A lesson from 15+ years of Google Ads management...

I’ve managed Google Ads campaigns, on and off, since October 2007. It’s something I’ve been involved with for so long it shadows you throughout your career.

One rule of thumb I learned early on was to acknowledge the problem your customer faces in your ad; then open your landing page by describing the symptoms of that problem.

After all, as service providers we’re all problem-solvers. You’ll attract more attention by showing potential clients you’ve already run the gauntlet they’re facing. You know more of the pitfalls and have the scars to show it.

This idea of starting with the problem extends to email marketing too. In your first email in the Lead Incubator sequence, you want to tell a story that illustrates these scars. The scars will be immediately recognisable to your ideal client. They might even come to see the problem in a whole new way just by reading your story.

I’ve forwarded my own example of this email below. If you sell high value services where people work with you directly, then you must demonstrate your understanding of the problem your client faces. Otherwise, your ideal client won’t see any urgency about contacting you. They’ll pass like a ship in the night.

I’m holding a free webinar on Thursday 26th October, looking at the Lead Incubator sequence in details. Calendar links for the webinar are here.


---------- Forwarded message ---------

Subject: Lead Incubator Email 1: Demonstrate the Problem

Hi there,

No potential client wakes up in the morning thinking about your business. They might however wake up thinking about the problem you can solve! So demonstrating your understanding of this problem is the starting point in your Lead Incubator sequence.

My industry happens to be marketing, which contains a myriad of nasty problems. I began learning about them aged 15, working my first and only weekend job in a local garden centre...

I remember cleaning a moss-covered path on my first day with a half-broken dustpan and brush, when I was approached by a customer.

“Excuse me mate,” he said, “what type of compost do I need for an Acer tree?”

Uh oh. The ground may as well have opened up and swallowed me whole.

With some trepidation I pulled the walkie talkie from my belt cord. I tried to remember: were you supposed to press the button and talk? Or were you supposed to press the button and wait? I opted for the latter. In the back of my mind a tiny voice added: “what if this is the day you stammer again??”

I really hated that tiny voice.

“Hello Rob, was that you?” came the reply. Thank God.

After a while I settled in at the garden centre. I became no longer afraid of the walkie talkie. I even learned that Acer trees like acidic ericaceous compost. As do Rhododendrons. But not roses - better to use John Innes No. 3.

I learned that I could find answers by asking the right questions, without becoming an expert myself. Which really was the only option because I was only willing to learn so much about plants.

At Christmas the place would go crazy selling Christmas trees. We’d sell perhaps a thousand trees over two weekends. There were four weekend staff outside, including me. All lads. So of course we would ‘compete’ to see who could sell the most trees.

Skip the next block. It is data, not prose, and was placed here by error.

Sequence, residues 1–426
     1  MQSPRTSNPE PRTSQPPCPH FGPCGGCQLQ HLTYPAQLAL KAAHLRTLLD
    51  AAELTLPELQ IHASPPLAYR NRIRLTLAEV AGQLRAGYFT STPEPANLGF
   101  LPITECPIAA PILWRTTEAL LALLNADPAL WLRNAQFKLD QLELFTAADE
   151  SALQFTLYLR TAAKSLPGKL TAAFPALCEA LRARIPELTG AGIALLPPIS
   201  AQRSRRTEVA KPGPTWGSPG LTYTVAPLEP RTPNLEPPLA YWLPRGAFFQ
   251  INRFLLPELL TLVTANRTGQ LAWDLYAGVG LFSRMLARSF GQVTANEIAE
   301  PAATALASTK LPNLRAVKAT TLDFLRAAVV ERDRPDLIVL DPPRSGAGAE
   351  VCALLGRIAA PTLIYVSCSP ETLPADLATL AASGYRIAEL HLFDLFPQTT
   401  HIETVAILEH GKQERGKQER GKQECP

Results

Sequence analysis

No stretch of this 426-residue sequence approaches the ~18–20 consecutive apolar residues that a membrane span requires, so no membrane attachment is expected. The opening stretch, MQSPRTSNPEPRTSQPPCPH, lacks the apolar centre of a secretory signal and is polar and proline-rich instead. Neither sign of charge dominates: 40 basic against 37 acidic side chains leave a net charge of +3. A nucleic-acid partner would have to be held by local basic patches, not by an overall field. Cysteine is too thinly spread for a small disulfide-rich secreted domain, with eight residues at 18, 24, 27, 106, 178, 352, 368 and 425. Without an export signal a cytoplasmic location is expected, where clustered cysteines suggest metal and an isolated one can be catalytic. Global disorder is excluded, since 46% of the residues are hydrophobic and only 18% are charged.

My own sales technique was fairly basic. I wouldn’t bother with much small talk, and lacked the flair of the other guys. I’d pull out two or three trees, and say something like “hmmm… that’s a nice shape...

One day I was pulling an especially fat Christmas tree through the netting machine. I hadn’t seen that an elderly lady had wandered behind me - probably to ask about compost or roses or something. Suddenly the tree burst through the machine. I fell backwards with a lunge and elbowed her in the head.

So I assaulted more customers than I should have done; and didn’t sell all that many trees with my ‘take it or leave it’ sales technique.

Not that a Christmas tree is an especially complicated sale, but it’s still an emotional purchase given that the entire family sits around it opening presents. The customer has to be reassured it’s the right one of the few hundred in front of them.

So I decided early on that I wasn’t much of a ‘sales person’. I didn’t have the ‘gift of the gab’. And I definitely wasn’t comfortable ‘winging’ a sale on the fly.

A lot of the marketing I see online follows the same tactics employed by some of my tree-selling garden centre colleagues. Grab their attention! Don’t let them go! Pursue the sale at any cost!

I’m more of the school of thought that it is better to get to the truth than the sale. If what you offer isn’t right for the person you’re speaking to, it’s better to establish that truth and move on. This is the direct opposite of the way most marketing works.

Today’s Lead Incubator email was demonstrating the problem. I’ve put this email first in the series for a number of reasons. 

For high value, high trust sales, you need to demonstrate a deep understanding of the problem at hand. Your reader needs to feel like you understand the problem at hand better than they do.

Telling a story to illustrate the problem allows you to dig at the symptoms of the problem. Symptoms are manifestations of the problem that every potential client will recognise. For me, those symptoms were my abject failure in a conventional sales role. I tried to do what they told me, and it just didn’t work.

The problem is also the logical place to start because it follows the conventional before / after, problem to solution narrative arc.


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About the author 

Rob Drummond

Rob is the founder of StorySelling.biz.

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